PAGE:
Exile Productions Ltd./BMG Rights Management (UK) Ltd. 538667900
Van Morrison has been pretty cranky about the pandemic. He released four songs last year, one recorded with Eric Clapton, in protest of the lockdowns ordered by the UK government. Morrison, like many of his peers, is a firm believer in the value of live music, but COVID-19 has largely kept him off the road. This has given him a lot of free time, some of which he has spent in the recording studio. The result is Latest Record Project, Volume 1, a 28-song collection spread across two CDs.
“Latest Record Project” opens the album with the assertion that Morrison’s newest work is “not something that you’re used to.” Musically, Latest Record Project, Volume 1 is, in fact, something that longtime fans are used to—it’s of a piece with Morrison’s long-established and unique blend of soul, blues, and jazz. A few verses in, he asks: “Got my latest joy I’m bringing?” With titles like “Where Have All the Rebels Gone?” and “Stop Bitching, Do Something,” joy is hardly a word I’d apply to this set. Still, anyone who has continued to buy Morrison’s records over the years is accustomed to a certain amount of irascibility.
Luckily, many of the songs on Latest Record Project, Volume 1 are bouncy and memorable, and Morrison’s band plays them with enthusiasm. “Where Have All the Rebels Gone?” is built around a strong guitar figure and a driving beat, and the likably loose “No Good Deed Goes Unpunished” features a terrific Hammond organ solo from Richard Dunn. “Big Lie” is a duet with Chris Farlowe, and both singers are in prime blues-shouting form.
“Thank God for the Blues” is a statement of purpose—“I’m singing ’cause that’s what I’m here to do”—that includes a spirited gospel chorus in three-part harmony and another vibrant solo from Dunn. Morrison wrote new lyrics for the traditional blues song “It Hurts Me Too,” and he seems to be ticked off about his finances, among other things. The vocal harmonies on this track lean toward the Jordanaires, Elvis Presley’s occasional backup group. The best things about the album are the consistently high level of playing by the band, and the contributions of the backup singers.
In addition, Morrison himself is in strong, fluid voice, and while he seems to be tapping into the same songwriting influences he’s long counted on, he often uses them in fresh ways. “Diabolic Pressure” has a 1950s New Orleans R&B funkiness, right down to its Fats Domino-style piano accompaniment. “Up County Down” reaches back to Morrison’s own “Celtic soul” sound to create echoes of some of the songs on one of his early masterpieces, Moondance (1970). The song even includes a memory of playing at West Hollywood’s Whisky a Go Go at the same time as The Doors.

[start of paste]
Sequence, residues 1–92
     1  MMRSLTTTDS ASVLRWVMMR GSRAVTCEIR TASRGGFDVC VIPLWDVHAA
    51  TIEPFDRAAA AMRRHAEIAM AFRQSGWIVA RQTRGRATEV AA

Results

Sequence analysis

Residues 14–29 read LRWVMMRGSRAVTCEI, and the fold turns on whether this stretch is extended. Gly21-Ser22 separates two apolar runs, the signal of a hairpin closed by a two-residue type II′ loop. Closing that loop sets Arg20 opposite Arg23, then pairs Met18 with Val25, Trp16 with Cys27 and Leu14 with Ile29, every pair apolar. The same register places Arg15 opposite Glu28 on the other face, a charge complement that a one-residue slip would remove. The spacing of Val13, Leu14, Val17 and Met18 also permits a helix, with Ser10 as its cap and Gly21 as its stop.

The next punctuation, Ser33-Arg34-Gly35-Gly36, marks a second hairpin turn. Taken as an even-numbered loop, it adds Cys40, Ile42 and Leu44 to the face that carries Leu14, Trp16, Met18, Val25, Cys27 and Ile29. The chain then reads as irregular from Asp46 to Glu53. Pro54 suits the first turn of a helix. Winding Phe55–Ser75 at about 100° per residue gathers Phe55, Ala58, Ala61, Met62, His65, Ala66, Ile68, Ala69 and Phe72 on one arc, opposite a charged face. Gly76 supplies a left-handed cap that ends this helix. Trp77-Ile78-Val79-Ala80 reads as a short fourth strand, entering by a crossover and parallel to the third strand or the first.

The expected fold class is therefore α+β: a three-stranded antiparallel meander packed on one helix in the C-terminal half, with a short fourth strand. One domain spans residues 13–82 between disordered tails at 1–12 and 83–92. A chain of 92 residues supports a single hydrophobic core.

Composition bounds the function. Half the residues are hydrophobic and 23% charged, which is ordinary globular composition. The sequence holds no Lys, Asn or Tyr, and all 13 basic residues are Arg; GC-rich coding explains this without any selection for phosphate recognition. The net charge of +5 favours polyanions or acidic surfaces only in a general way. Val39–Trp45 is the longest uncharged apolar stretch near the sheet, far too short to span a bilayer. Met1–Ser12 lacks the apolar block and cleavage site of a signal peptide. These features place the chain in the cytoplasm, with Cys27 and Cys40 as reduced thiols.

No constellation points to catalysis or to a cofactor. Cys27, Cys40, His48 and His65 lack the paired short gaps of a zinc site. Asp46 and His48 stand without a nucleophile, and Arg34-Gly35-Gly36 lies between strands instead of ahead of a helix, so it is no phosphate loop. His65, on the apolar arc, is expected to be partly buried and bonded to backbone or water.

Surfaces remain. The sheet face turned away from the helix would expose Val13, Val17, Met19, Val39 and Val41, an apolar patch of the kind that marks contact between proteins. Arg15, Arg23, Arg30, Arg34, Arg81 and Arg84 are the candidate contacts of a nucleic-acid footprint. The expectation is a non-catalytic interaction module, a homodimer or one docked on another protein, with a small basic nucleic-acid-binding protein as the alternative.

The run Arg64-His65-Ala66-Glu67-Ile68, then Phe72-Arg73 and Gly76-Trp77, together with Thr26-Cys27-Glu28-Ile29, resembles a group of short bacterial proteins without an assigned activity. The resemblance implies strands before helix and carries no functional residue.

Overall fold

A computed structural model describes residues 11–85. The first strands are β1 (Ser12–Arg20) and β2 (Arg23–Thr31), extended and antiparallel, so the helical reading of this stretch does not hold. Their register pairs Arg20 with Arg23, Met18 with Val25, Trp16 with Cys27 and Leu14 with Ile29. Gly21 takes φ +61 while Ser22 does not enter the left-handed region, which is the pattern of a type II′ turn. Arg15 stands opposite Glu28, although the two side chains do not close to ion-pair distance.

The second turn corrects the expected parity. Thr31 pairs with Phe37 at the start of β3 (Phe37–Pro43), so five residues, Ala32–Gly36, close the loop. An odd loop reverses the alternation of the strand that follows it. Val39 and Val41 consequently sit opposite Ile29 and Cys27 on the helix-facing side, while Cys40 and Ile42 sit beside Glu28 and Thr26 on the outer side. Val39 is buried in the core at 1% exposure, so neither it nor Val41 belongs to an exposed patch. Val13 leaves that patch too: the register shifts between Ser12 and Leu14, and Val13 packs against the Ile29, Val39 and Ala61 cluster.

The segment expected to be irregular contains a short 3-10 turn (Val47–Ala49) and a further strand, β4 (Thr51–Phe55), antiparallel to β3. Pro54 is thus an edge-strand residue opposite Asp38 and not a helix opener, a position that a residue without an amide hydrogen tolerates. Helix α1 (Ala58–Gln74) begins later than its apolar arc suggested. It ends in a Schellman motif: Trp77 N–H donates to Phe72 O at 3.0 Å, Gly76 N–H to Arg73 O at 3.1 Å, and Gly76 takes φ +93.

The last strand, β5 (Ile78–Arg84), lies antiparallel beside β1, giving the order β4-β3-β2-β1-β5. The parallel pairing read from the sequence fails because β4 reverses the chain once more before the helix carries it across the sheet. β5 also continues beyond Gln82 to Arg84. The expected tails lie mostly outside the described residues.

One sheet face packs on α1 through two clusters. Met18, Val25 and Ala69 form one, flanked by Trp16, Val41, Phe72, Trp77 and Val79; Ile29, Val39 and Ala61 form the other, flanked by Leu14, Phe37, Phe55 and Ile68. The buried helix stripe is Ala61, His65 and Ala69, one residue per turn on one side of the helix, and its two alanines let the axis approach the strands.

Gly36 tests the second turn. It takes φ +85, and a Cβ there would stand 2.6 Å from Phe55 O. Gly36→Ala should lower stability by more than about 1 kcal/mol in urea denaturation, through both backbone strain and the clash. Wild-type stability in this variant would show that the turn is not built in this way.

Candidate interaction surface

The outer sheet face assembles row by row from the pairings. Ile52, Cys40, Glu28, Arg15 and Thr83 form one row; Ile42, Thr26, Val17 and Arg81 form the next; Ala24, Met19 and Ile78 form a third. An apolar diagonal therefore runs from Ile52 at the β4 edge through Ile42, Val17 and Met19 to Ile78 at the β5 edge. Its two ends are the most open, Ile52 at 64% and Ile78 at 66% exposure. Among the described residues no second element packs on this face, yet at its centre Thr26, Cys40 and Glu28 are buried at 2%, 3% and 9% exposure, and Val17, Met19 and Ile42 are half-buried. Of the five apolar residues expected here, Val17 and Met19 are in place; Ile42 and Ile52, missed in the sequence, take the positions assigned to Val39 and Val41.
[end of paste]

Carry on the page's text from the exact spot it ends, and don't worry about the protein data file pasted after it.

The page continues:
“They Own the Media” is a vaguely worded shot at power being concentrated in the hands of the few. Over the course of his long career, Morrison has seen the number of major record labels shrink to just three or four conglomerates that control everything, so perhaps he could be more specific. Morrison isn’t shy about expressing his opinions. However, while I think that occasionally asking “Why Are You on Facebook?” is fair enough, I’ll admit that “Western Man” gives me some pause. I’ll grant Morrison the benefit of the doubt and assume he’s asking us to hold on to the parts of our history worth keeping, such as his beloved William Blake, even as we acknowledge our past sins.
Perhaps I’m giving Morrison too much slack, but I’ll attribute my generosity to my reaction to the pre-release news stories and early reviews for the album, which suggested, absurdly, that he’s become a member of the alt-right. I’m willing to bet very little of that press was the result of actually listening to the music on the set. It’s just another Van Morrison album full of the usual amount of rancor, balanced by some very good songs that are strongly played and well sung.
Sounds good, too. As with many Morrison recordings, the sound is very clean and instruments ring out clearly. Morrison recorded the sessions at a number of studios and venues, but Tony Cousins’s mastering ensures that everything flows well.
I won’t suggest for a minute that some judicious pruning wouldn’t have yielded a more powerful single disc, but that is often the case with Van Morrison recordings—with the exception of the two collaborations with Joey DeFrancesco in 2018, You’re Driving Me Crazy and The Prophet Speaks. With restrictions being lifted and major venues starting to book live shows again, maybe Morrison will get back on the road and cheer up a bit. In the meantime, fans can safely ignore the fuss over Latest Record Project, Volume 1 and find much that’s worthwhile.
. . . Joseph Taylor